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BEING SPORTY – DEADMIKE.COM

Deadmike.com

I’ve just done my first jump since the accident that nearly killed me just over a year ago. As I was lying in hospital, thinking that I would never skydive again, I wasn’t feeling glad to be alive. Instead, I was wondering how I could possibly live without it.

It all started one evening after another typical nine-to-five day. I was sitting at home thinking, ‘There has to be more to life than this,’ when an ad came on television: ‘Try skydiving,’ it said. The next day, I called my local skydiving centre and booked my first jump.

I spent a day training and then I was ready for my first jump. Or almost. First, I had to sign a document to say that I was taking part in an activity that could end in serious injury. At that moment I realised that I was about to do something voluntarily that could put my life at risk and as I signed I wondered if I was completely mad.

I will never forget my first jump. Five of us walked to the runway and got into a plane barely big enough to hold three people. I was beginning to feel nervous, but the others were chatting and joking so I started to feel more relaxed. It was a beautiful, cloudless day and the sun was just going down. It took us about 20 minutes to reach 4000 metres and then the trainer opened the plane door – the view took my breath away. Suddenly, it was time to jump and as I pushed myself away from the plane, I didn’t know what I was thinking, my mind went blank.

Words cannot describe the rush of adrenalin I experienced while I was free-falling. At 2000 metres I pulled the cord and the parachute opened immediately. Suddenly, everything was silent and peaceful. Twice I shouted, ‘This is absolutely incredible,’ though I knew there was nobody to hear me. It was the most amazing four minutes of my life.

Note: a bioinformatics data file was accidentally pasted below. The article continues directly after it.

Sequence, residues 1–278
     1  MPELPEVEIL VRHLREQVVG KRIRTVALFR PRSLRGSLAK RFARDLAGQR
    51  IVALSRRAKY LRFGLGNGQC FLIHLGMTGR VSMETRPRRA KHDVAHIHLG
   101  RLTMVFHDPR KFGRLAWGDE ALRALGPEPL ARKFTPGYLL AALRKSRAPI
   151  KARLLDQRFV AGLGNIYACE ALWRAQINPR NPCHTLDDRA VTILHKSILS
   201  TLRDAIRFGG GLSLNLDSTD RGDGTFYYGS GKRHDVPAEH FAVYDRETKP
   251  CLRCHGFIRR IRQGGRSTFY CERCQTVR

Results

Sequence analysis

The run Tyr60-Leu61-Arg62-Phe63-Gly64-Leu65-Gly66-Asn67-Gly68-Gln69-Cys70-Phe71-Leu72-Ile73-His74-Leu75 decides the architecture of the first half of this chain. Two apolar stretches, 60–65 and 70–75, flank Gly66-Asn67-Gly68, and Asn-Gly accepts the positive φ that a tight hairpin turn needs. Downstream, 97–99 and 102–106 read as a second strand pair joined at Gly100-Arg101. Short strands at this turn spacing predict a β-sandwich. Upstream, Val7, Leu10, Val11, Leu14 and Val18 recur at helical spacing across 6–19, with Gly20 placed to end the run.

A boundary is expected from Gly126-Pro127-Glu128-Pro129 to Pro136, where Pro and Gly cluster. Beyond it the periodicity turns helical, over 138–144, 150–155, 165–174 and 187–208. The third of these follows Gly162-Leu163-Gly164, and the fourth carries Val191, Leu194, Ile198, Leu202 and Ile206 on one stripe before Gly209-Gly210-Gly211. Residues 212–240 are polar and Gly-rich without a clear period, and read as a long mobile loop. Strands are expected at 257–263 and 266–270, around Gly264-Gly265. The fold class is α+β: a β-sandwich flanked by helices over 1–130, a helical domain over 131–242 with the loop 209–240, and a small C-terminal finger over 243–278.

From the first jump, I was hooked. I started spending every free moment I had skydiving. At work, I sat in front of my computer and imagined ways of making more money so that I could jump more often. It became my reason for living and nothing else mattered. I was addicted to skydiving.

Then disaster struck on my 1,040th jump. Another skydiver collided with my parachute at 25 metres. I fell and hit the ground at about 45 km/ph, face down. I broke both legs, my right foot, left elbow, right, arm my nose and my jaw. I lost 4 litres of blood, 19 teeth and 12 kilos of fat. I was lucky to survive.

People who have never experienced skydiving will find it hard to understand that my only motivation to get better was so that I could do it again. All I can say is that for me, skydiving is life and life is skydiving.

  1. Mike was reading a newspaper one evening when he saw an ad for skydiving.
  2. He phoned the skydiving centre immediately and booked a jump.
  3. After a day’s training, he was sure he was doing the right thing.
  4. His first jump was unforgettable. It was a beautiful morning and he was feeling relaxed.
  5. After an hour’s flight he jumped out of the plane and his parachute opened immediately.
  6. After his first jump he didn’t think he would do it again.
  7. During his free time he thought about skydiving a lot.
  8. On his 1,040th jump he had an accident when his parachute didn’t open.
  9. He nearly died and thought that his skydiving days were over.
  10. The only reason he wanted to get better was so that he could skydive again.